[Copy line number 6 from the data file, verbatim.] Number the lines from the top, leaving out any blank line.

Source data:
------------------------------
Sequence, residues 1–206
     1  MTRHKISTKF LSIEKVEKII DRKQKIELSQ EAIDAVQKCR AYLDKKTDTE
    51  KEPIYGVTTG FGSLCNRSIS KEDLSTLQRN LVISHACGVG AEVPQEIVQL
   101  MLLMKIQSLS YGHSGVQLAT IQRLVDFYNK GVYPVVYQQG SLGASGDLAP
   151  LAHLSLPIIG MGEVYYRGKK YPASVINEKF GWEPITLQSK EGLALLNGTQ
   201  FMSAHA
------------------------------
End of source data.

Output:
   201  FMSAHA